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Anti-VEGF treatment for myopic choroid neovascularization: from molecular characterization to update on clinical application

Authors Zhang Y, Han Q, Ru Y, Bo Q, Wei R

Received 5 May 2015

Accepted for publication 3 June 2015

Published 2 July 2015 Volume 2015:9 Pages 3413—3421

DOI https://doi.org/10.2147/DDDT.S87920

Checked for plagiarism Yes

Review by Single anonymous peer review

Peer reviewer comments 2

Editor who approved publication: Professor Shu-Feng Zhou


Yan Zhang,1 Qian Han,2 Yusha Ru,1 Qiyu Bo,1 Rui Hua Wei1

1Tianjin Medical University Eye Hospital, Tianjin Medical University Eye Institute, College of Optometry and Ophthalmology, Tianjin Medical University, Tianjin, 2Tangshan Eye Hospital, Tangshan, Hebei Province, People’s Republic of China

Abstract: Choroidal neovascularization (CNV) secondary to pathologic myopia has a very high incidence in global, especially in Asian, populations. It is a common cause of irreversible central vision loss, and severely affects the quality of life in the patients with pathologic myopia. The traditional therapeutic modalities for CNV secondary to pathologic myopia include thermal laser photocoagulation, surgical management, transpupillary thermotherapy, and photodynamic therapy with verteporfin. However, the long-term outcomes of these modalities are disappointing. Recently, intravitreal administration of anti-VEGF biological agents, including bevacizumab, ranibizumab, pegaptanib, aflibercept, and conbercept, has demonstrated promising outcomes for this ocular disease. The anti-VEGF regimens are more effective on improving visual acuity, reducing central fundus thickness and central retina thickness than the traditional modalities. These anti-VEGF agents thus hold the potential to become the first-line medicine for treatment of CNV secondary to pathologic myopia. This review follows the trend of “from bench to bedside”, initially discussing the pathogenesis of myopic CNV, delineating the molecular structures and mechanisms of action of the currently available anti-VEGF drugs, and then systematically comparing the up to date clinical applications as well as the efficacy and safety of the anti-VEGF drugs to the CNV secondary to pathologic myopia.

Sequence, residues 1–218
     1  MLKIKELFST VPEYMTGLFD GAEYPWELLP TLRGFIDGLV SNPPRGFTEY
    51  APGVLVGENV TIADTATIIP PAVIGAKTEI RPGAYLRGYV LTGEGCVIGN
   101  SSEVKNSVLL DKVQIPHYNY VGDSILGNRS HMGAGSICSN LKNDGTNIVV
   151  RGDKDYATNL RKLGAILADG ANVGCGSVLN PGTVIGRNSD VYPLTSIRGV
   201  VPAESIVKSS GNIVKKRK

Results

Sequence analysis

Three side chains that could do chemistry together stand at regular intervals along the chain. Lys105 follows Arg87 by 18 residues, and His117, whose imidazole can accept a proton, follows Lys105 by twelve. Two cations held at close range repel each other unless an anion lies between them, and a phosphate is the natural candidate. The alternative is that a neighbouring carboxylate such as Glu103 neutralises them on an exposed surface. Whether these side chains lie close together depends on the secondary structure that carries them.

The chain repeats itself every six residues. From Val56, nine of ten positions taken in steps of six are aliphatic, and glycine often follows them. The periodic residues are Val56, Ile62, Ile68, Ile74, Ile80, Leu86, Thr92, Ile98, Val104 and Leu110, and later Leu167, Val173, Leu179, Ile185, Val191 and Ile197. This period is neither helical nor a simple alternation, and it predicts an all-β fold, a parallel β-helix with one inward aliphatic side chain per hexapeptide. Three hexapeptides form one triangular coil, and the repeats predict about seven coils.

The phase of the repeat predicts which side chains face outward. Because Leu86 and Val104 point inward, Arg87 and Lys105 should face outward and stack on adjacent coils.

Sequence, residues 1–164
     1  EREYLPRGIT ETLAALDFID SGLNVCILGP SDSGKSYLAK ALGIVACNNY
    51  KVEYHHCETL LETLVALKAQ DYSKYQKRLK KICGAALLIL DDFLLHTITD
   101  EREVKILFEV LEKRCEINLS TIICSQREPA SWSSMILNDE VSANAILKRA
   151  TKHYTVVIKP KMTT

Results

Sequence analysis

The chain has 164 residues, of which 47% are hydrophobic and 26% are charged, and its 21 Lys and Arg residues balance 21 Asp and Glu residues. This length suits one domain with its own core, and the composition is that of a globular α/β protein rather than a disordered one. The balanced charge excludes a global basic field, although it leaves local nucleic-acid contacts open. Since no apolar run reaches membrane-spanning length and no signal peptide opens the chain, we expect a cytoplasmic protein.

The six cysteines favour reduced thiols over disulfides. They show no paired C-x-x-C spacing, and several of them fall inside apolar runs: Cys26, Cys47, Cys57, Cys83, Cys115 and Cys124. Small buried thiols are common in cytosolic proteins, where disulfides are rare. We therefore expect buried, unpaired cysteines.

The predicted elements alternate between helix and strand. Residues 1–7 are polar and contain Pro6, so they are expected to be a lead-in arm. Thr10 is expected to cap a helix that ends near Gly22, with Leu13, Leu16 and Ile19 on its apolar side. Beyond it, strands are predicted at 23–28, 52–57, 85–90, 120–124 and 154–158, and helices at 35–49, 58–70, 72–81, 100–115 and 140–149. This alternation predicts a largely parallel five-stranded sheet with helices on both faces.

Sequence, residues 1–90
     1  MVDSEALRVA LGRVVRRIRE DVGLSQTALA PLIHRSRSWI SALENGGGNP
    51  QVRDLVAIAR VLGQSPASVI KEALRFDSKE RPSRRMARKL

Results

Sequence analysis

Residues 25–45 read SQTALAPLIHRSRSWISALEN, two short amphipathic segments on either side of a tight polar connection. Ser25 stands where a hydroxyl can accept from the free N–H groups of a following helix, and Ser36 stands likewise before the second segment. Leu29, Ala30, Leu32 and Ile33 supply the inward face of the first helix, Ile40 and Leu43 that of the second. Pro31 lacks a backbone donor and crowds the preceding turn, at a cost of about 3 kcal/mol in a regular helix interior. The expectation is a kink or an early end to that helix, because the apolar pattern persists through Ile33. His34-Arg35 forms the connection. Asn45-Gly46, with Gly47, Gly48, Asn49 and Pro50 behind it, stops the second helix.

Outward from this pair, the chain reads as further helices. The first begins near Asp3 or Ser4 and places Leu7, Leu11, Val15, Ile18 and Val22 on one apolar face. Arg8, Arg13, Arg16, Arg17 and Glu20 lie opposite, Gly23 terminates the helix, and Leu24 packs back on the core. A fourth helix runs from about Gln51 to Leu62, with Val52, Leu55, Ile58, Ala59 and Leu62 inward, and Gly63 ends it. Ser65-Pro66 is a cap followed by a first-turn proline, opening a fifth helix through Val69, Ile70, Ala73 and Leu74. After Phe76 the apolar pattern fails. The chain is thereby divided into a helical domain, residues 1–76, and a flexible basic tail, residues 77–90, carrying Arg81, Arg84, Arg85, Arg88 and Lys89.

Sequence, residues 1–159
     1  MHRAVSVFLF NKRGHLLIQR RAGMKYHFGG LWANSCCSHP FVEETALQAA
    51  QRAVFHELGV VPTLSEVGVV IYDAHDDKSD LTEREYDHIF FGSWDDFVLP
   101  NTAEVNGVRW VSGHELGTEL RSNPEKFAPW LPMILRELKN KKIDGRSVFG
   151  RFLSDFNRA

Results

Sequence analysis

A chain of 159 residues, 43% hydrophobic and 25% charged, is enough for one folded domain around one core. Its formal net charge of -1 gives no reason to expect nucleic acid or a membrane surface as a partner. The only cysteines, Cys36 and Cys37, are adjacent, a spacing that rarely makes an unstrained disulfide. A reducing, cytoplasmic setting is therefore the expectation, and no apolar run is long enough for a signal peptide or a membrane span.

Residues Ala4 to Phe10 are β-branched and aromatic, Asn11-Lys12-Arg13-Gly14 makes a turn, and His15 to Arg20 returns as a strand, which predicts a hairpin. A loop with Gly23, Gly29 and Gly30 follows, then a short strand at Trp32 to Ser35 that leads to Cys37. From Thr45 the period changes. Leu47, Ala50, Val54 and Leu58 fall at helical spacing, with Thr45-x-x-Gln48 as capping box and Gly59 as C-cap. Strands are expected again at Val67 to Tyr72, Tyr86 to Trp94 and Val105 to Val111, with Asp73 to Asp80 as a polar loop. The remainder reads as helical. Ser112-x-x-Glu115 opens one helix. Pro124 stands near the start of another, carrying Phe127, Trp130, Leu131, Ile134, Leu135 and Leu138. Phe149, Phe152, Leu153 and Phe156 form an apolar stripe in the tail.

Keywords: formation of new vessels, choroid membrane, pathologic myopia, vascular endothelial growth factor, molecular mechanisms, clinical trials

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